The Library Foundation’s annual benefit, Illumine, honors members of the Austin community for outstanding literary achievement.
Join us for Illumine 2013 on Friday, November 8, at the Downtown Hilton.
This year's honorees are:
For Fiction: Stephen Harrigan, presented by Elizabeth Crook
For Nonfiction: Dr. Steven Weinberg, presented by Gregory Curtis
For Young Adult Literature: Cynthia Leitich Smith, presented by Mark Mitchell
Luminary Award: Carmel Borders, presented by Jeanne Klein
Also presenting: The Forrest Preece Young Authors' Award, honoring writers in Badgerdog's Creative Writing Summer Camp
More about this year's honorees:
Steven Weinberg, Carmel Borders, Cynthia Leitich Smith, and Stephen Harrigan
Dr. Steven Weinberg holds the Josey Regental Chair in Science at the University of Texas at Austin, where he is a member of the Physics and Astronomy Departments. His research on elementary particles and cosmology has been honored with numerous prizes and awards, including the Nobel Prize in Physics and the National Medal of Science. In 2004, he received the Benjamin Franklin Medal of the American Philosophical Society, with a citation that said he is “considered by many to be the preeminent theoretical physicist alive in the world today.” He has been elected to the U.S. National Academy of Sciences and Britain's Royal Society and other academies. The author of over 300 scientific articles, he has also written several scientific treatises as well as books for general readers, most recently Lake Views – This World and the Universe. Articles of his appear from time to time in The New York Review of Books and other periodicals. He taught at Columbia, Berkeley, M.I.T. and Harvard before coming to Texas in 1982.
Carmel Borders is president of the Tapestry Foundation, whose primary focus is early childhood education and social emotional learning. Mrs. Borders is past chair and board member of the National Institute for Literacy. She's also served on the Texas State Board for Educator Certification and the Texas Book Festival board of directors. She currently serves on the boards of National Jump Start, Austin Community Foundation, Westcave Outdoor Discovery Center, and the Advisory Council for Success by Six of Central Texas. Mrs. Borders is a member of the University of Michigan President's Advisory Group and the Chancellor's Board for the University of Texas Systems. An educator for twenty years, she has seen the benefits of early education and social emotional learning. Borders received her B.A. and M.A. from the University of Michigan. She has three children and lives in Austin, Texas, with her husband, Tom.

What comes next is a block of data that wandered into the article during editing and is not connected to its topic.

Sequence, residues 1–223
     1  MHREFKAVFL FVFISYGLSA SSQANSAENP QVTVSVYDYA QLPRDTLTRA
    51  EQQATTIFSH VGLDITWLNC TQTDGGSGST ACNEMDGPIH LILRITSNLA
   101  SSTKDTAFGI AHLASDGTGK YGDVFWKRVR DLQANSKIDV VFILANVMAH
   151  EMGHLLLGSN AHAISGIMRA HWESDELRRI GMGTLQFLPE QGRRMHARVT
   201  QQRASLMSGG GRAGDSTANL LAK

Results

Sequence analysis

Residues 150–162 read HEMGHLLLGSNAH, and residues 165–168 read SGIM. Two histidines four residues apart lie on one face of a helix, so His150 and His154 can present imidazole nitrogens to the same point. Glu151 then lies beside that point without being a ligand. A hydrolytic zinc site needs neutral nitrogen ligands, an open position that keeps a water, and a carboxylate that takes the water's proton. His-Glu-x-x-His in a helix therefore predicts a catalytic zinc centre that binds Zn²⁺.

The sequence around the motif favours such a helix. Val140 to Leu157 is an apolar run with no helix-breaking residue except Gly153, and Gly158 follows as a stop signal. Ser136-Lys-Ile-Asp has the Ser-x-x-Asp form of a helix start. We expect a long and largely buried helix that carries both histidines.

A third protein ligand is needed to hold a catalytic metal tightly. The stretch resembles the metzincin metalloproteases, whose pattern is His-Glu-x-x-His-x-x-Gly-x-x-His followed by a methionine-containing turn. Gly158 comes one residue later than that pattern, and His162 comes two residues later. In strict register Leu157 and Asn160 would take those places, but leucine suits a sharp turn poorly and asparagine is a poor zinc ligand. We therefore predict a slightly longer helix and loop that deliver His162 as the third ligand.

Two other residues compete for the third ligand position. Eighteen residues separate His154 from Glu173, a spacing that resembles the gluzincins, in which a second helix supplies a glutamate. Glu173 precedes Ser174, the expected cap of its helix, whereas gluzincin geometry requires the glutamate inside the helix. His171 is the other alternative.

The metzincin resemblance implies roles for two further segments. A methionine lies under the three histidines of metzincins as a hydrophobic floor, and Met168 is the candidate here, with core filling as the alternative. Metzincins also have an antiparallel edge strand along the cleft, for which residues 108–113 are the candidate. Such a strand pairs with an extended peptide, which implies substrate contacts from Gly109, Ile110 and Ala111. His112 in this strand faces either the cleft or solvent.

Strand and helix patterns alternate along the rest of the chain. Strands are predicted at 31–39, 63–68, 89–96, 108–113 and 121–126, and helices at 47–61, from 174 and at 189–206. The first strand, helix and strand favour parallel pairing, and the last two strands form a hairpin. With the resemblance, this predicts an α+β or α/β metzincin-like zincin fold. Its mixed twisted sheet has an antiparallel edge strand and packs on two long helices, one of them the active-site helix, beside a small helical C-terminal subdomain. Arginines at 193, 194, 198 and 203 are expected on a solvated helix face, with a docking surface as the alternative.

Cynthia Leitich Smith is the New York Times and Publishers Weekly best-selling young-adult author of the “Tantalize” series, the “Feral” series, and Rain Is Not My Indian Name. Cynthia has also published young-adult short stories, narrative nonfiction, graphic novels, and books for younger children. Her novels have received numerous awards and honors and are often noted for their diverse characters, humor, lyricism, fantastical elements, compelling action, and mid-to-southwestern settings. Cynthia was named a Writer of the Year by Wordcraft Circle of Native Writers and Storytellers in recognition of Rain is Not My Indian Name and has been twice featured at the National Book Festival. Most recently, she was named the first Spirit of Texas Young Adult author by the Young Adult Round Table of the Texas Library Association. She is a member of the Austin chapter of the Society of Children's Book Writers and Illustrators and is a lifetime member of the Writers' League of Texas. Cynthia makes her home in Central Austin with her husband, children's young-adult author Greg Leitich Smith.
Stephen Harrigan is the author of
nine books of fiction and nonfiction. Among them are The Gates of the Alamo, which was a New York Times bestseller and the recipient of a number of awards,
including a Spur Award for the best Novel of the West. Remember Ben Clayton also won the Spur Award, as well as the Jesse
H. Jones Award from the Texas Institute of Letters and the James Fenimore
Cooper Prize from the Society of American Historians for best historical novel.
Harrigan is a longtime contributor to Texas
Monthly, and his articles and essays have appeared in a wide range of other
publications as well. The Eye of the
Mammoth, a career-spanning collection of his essays, was published in 2013
by the University of Texas Press. Harrigan is also an award-winning
screenwriter who has written many movies for television; he is a Faculty Fellow
at the Michener Center for Writers at the University of Texas and a founding
member of the Texas Book Festival and of Capital Area Statues, Inc. He and his
wife, Sue Ellen, live in Austin.
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